The Pan-African Parliament (PAP) is set to lead the advocacy for implementation of the Abuja Declaration whereby African Union member states pledged to set a target of allocating at least 15% of their annual budget to improve the health sector and urged donor countries to scale up support.
This was disclosed by Hon. Senator Sylvia Mthethwa, Acting Rapporteur of the PAP’s Committee on Health, Labour and Social Affairs when she addressed delegates at the East and Southern Africa Inter-Regional High Level Webinar Session On “The Impact of Covid-19 on The Right Health: Addressing the legal and structural drivers of risk among the most vulnerable people”.
The objectives of this inter-regional webinar session was to bring awareness to the respective legal justice systems about the impact of Covid-19 on the right to health of the marginalised groups, to highlight the legal and structural drivers of risk which prevent marginalised groups from fully enjoying their right to health, to emphasise measures that can be adopted to protect marginalised groups during the Covid-19 pandemic and to assist marginalised groups with information on efficient and effective access to better healthcare systems and protocols.
“I am happy to share with you that the PAP is also in the process to start its advocacy in AU Member States for the implementation of the Abuja Declaration that requires at least 15% of National Budget to be allocated to the health sector. This programme will be supported by UNAIDS, the Global Fund and WHO,” said Hon. Mthethwa.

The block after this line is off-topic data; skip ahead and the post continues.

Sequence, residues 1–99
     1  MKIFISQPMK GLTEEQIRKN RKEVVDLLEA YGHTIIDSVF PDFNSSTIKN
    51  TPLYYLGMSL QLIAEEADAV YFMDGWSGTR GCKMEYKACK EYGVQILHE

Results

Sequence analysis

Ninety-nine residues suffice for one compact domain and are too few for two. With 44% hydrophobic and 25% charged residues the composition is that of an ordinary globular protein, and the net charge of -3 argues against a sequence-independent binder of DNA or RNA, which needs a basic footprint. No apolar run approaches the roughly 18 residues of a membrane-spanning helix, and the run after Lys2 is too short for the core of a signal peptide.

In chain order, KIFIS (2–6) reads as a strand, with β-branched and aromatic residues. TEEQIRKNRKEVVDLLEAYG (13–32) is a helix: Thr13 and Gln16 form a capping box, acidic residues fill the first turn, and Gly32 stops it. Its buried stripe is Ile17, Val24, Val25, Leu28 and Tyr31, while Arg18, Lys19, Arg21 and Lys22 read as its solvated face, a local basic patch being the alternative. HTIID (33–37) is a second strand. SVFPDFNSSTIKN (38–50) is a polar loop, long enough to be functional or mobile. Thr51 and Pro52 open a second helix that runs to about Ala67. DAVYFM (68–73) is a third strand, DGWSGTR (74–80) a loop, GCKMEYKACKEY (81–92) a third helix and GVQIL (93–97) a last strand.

“As for the PAP’s contribution, we have adopted two important Resolutions in collaboration with the UNAIDS and the African Union Commission. The first one was adopted in October 2017 as an outcome of a “High-Level Parliamentary Meeting on “Fast Tracking HIV/AIDS and Leaving No-one Behind”. The second was adopted in May 2018 on the “The Role of Parliamentarians on Realizing the Right to Health And Achieving Health Targets In Africa. “
Hon. Mthethwa also commended the efforts made over the last decade on the African continent to come up with standard-setting and normative legal instruments such as the SADC-PF Model Law on HIV in Southern Africa; the SADC Model Law on Eradicating Child Marriage and Protecting Children already in Marriage; the East African Community HIV/AIDS Prevention and Management Act of 2012; the ECOWAS Minimum Legal Framework for Rights-Based Responses to HIV/AIDS, and the African Union Model Law on Medical Products Regulation adopted in 2016.
She further called for “bold political leadership to get us back on track with human rights and gender equality being in the centre of debate”.
“We need to mobilise national resources by front-loading investments, particularly in the health sector and through innovative mechanisms such as tax and fiscal space, and corporate social responsibility including equal access to COVID19 vaccine and national health insurance. Advocate for the training needs and sensitization of health professionals in addressing stigma and discrimination in health facilities towards people living with HIV/AIDS, TB and Malaria.
“Promote the enactment of laws that explicitly criminalize all forms of violence against women and girls, including sexual violence, forced sterilization of women and girls living with HIV, forced and early marriage and female genital mutilation,” she added.
She also challenged UNAIDS and its Co-sponsors, the civil society organizations, Foundations, the private sector, and national human rights Institutions to enhance the capacity of Parliamentarians to monitor all policies and programmes as well as the budgetary and legislative activities as a way to strengthen partnership with Members States.